Early Roots-style blowers utilized simple two-lobe rotor designs that had very little taper from front to back. In an effort to reduce internal pulsations, smooth out airflow and vibrations, and improve overall efficiency, supercharger manufacturers began including additional lobes in addition to twisting the lobes themselves. Eaton’s sixth-generation TVS rotors take this concept to the extreme.
Compared to the company’s fifth-generation rotors that featured twin three-lobe rotors with 60 degrees of twist, Eaton’s sixth-generation rotors boast twin four-lobe rotors and a 160-degree helix angle. Matched with the LT1’s outstanding cylinder head flow and generous 376ci displacement, the ultra-efficient Eaton Gen VI rotor design enables Edelbrock’s 2016 Camaro E-Force system to produce 560-580 rear-wheel horsepower on pump gas at just 8 psi of boost. A more efficient compressor nets cooler inlet air temperature, which decreases the potential for detonation and increases hp output at any given boost level. As the saying goes, the proof is in the pudding.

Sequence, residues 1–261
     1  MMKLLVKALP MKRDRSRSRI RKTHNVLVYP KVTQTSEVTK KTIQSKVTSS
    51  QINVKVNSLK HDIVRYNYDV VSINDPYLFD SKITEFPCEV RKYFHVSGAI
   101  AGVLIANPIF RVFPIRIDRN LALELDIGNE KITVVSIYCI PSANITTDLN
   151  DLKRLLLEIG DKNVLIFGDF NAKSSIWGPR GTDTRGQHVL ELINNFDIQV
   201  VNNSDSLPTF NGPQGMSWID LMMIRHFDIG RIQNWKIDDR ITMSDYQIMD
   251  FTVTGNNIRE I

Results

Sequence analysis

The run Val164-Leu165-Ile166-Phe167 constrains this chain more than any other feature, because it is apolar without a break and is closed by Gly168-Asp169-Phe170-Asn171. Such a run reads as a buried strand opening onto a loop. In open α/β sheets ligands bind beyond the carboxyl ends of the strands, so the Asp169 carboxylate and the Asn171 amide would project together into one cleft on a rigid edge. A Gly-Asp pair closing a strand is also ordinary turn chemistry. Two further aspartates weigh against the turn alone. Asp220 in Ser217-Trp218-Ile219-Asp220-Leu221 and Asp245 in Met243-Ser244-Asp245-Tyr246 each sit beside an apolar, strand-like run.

Inside The Force
Designing a positive-displacement supercharger system is a bit more involved than buying a head unit from Eaton, bolting it to the cylinder heads, and calling it a day. Make that way more involved. In the case of Edelbrock’s E-Force superchargers, the only components the company sources from Eaton are the rotors themselves. “We design everything in our E-Force kits from scratch, from the supercharger housings and lower intake manifolds down to the intercoolers and molded hoses,” explains Smitty Smith of Edelbrock. Granted that Eaton gets full credit for designing the innovative TVS Gen VI rotor package, it’s Edelbrock that leverages its in-house manufacturing capabilities and state-of-the-art foundry to design a fully functional, turnkey supercharger system around it. “Our E-Force systems are created, engineered, designed, cast, machined, assembled, calibrated, tuned, and tested right here in Southern California. Everything is done in-house.”